Bonsai Tools Explained
A collection of tools defined to help novice bonsai gardeners grow into professionals
- Leaf trimming: Generally used in bonsai design to expose the bonsai's branches under groups of needles or leaves. Also good for maintenance of plant health.
- Pruning: Top of the trunk may be removed to making the more compact. Branches that conflict with the bonsai designer's vision will be removed while others may be shortened to fit within the planned design. Encouraging growth of non-pruned branches.
- Clamping: Larger bonsai, or one that have stronger wood, can use mechanical clamps for shaping branches and trunks. Most common are screw-based clamps, which straighten or bend part of the bonsai using greater force than wiring. Helps to manipulate the shape of the bonsai trunk and branches during growth.
- Grafting: New bonsai growing material (root, branch or bud) is introduced to a location beneath the bark of the tree.
- Defoliation: Essentially means cutting all the leaves off of the tree. It reduces the growth in the parts of the tree where this is done. Short-term dwarfing can be accomplished in certain bonsais by doing this.
Literal meaning, "making flowers alive," that's exactly what this saw does. The sharp blade is designed for cutting branches off the bonsai. It has a lot of small, superfine teeth close together, ensuring ease of severing the desired branch. Skinny blade helps to reach awkward positions. This helps to remove dead branches with aims for a new branch to grow neath. Ridding undesirable branches leads to shaping the ideal plant formation.
Spring-loaded for fast action. Pruning is meant for trimming off dead or overgrown branches of the plant. Doing so encourages further growth of the plant. Carefully dismantling unhealthy branches brings about the vegetation waiting to grow in its place.
Really good for the removal of the branches and also the leaves on the plant. Mainly used for pruning the top of the plant and its the roots. The wide grip of the handle allows for the shears to do this with larger parts of the plant.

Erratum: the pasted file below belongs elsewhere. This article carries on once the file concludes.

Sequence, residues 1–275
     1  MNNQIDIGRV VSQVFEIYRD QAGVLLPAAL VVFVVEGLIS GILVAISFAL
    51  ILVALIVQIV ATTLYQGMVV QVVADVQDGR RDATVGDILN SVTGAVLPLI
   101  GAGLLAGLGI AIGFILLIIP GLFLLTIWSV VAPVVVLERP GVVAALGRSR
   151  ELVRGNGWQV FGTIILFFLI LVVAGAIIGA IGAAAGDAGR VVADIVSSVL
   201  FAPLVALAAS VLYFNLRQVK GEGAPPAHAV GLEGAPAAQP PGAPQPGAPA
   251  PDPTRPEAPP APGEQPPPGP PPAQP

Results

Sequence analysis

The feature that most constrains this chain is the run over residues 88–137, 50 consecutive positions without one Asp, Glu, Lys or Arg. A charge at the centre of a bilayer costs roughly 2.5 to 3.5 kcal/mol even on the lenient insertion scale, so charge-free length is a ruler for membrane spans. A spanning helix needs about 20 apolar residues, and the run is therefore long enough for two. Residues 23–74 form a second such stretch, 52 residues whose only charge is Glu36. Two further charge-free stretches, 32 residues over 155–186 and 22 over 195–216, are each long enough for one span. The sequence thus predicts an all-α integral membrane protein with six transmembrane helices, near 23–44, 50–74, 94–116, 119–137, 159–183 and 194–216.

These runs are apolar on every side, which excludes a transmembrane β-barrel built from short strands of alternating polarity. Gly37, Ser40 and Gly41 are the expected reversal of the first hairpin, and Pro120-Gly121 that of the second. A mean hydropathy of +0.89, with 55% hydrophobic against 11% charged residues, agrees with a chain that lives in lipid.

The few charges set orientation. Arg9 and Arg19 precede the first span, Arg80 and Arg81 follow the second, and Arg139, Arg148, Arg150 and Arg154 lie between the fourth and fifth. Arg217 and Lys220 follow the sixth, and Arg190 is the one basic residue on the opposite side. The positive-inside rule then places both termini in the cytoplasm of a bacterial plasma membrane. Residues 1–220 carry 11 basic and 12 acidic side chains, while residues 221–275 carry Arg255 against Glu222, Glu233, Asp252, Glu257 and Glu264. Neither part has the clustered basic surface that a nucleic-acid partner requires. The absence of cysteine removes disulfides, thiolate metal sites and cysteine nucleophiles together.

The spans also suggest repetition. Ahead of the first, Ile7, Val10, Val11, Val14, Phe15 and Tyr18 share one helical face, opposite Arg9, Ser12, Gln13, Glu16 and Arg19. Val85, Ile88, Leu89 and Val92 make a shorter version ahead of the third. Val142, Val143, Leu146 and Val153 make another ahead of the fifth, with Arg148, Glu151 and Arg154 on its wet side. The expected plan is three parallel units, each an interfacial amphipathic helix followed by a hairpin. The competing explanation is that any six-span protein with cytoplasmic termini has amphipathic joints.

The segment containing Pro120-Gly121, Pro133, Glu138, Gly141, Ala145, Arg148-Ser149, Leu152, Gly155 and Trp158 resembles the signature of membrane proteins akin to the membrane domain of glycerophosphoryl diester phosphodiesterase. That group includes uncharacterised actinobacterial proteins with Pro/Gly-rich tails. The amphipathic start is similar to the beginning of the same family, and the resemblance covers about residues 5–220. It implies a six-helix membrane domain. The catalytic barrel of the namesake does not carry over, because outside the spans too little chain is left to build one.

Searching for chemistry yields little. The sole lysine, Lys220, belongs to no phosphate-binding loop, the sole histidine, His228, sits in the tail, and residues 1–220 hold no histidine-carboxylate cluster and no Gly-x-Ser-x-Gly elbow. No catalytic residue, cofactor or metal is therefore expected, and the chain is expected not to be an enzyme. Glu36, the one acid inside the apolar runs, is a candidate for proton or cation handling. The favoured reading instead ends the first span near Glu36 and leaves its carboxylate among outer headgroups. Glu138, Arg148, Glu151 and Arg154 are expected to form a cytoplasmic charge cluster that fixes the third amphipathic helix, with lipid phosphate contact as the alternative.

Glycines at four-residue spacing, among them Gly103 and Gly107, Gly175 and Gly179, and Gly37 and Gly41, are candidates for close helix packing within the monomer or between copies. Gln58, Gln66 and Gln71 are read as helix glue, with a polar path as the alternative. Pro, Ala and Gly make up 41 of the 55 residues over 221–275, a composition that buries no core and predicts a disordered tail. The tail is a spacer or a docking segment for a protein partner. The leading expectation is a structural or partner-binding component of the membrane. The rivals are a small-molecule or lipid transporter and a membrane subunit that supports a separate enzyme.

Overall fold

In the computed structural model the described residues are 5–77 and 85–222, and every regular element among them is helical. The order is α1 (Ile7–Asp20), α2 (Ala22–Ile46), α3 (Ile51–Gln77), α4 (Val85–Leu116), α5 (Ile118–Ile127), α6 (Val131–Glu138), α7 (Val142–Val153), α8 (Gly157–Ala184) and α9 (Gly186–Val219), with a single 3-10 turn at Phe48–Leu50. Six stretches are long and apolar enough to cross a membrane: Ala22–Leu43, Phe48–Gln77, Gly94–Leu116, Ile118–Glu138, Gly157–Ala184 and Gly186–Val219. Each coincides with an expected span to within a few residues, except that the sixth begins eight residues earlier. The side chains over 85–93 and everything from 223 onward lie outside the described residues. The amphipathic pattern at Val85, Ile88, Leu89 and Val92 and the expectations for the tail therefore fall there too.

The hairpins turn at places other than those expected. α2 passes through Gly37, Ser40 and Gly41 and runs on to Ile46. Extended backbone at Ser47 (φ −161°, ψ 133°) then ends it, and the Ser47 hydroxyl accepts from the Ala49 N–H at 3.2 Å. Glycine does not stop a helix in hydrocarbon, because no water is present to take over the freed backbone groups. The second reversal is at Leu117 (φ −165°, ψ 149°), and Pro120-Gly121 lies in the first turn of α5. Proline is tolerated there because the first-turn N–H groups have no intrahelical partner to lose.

Perfect for aesthetic upkeep. Fits into tight spaces, allowing for precise defoliation. These are meant to help trim and thin out the plant, without damaging any tender shoots or blossoms, while still reaching the desired part of the plant you want to take off.
This is an imperative tool for any bonsai enthusiast. The sharp blade is designed for cutting branches that are flush to the trunk. It allows for pruning seamlessly. Very good for minimizing damage a cut makes to the trunk of the bonsai, leading to rapid recovery time. Due to the closeness of the snip, it is almost untraceable afterwards, making the hole blend with the rest.
Also known as "knuckle cutter," it is known for its spherical-shaped blades. It's solitary purpose is to hollow out an incision made by a branch cutter. Its design allows for its user to work it like a chisel in order to gouge out excess plant matter.
Used for the removal of unwanted leaves and buds. Induces growth where dead leaves are snipped. Small and easy to maneuver for quick defoliating.
Good for aerating the soil by loosening it up. The pincer can be used to readjust the roots of the tree whilst re-potting the plant. They are also great for grasping needles and other debris from around the plant.
Meant to help with the removal and replanting of the bonsai. This rake helps to loosen up the roots of the plant out of the soil, making it much easier to dislodge. The flat edge can help to pack the soil betwixt the roots to better sturdy the plant.
This cutter is the tool used to dismantle the wire system holding up the bonsai plant when it is time. Wire is used to shape the branches as they are growing. It is important to have due to it being sturdier than a lot of basic wire cutters. Using a weak wire cutter will result in a broken tool, due to the wire used is very thick. Helps to get very close cuts on the wire and not the plant.
Meant to break through the soil whilst leaving the roots unharmed. The sharp point is great for carving down into the soil. It is smooth and rounded on the sides for the safety of the roots while eradicating the soil around them.
Made with short, powerful jaws. Aids in placing or dismantling the wire from the bonsai plant. Another thing jin pliers can be used for is stripping the bark of the tree. This is done for visual appeal to create a deadwood/aging effect on the trunk.
Will cut through thick root with only minimal damage caused to the tree itself. The steel blades are meant for severing the denser wood fibers commonly found in roots. Its flat cut can also be used to split the trunk, if so desired.
Splitting the trunk is the fastest way to strengthen the bonsai trunk. Typically, the trunk is separated into two pieces and then held together with wire. The trunk splitter is the best tool to use for splitting the trunk apart like this. Providing clean cuts with its steel shears, the trunk and branches are much more easily manipulated with the splitters.
For plant art purposes. Branch benders are utilized in order to transform the trunk or branches of the bonsai plant. With the pressure from fastening them to the plant, these make the tree bend and warp, reshaping the growth to different positions. The hooks and jacks are coated to maintain the safety of the bark.
Sort through a collection of bonsai tools to find exactly what you need here.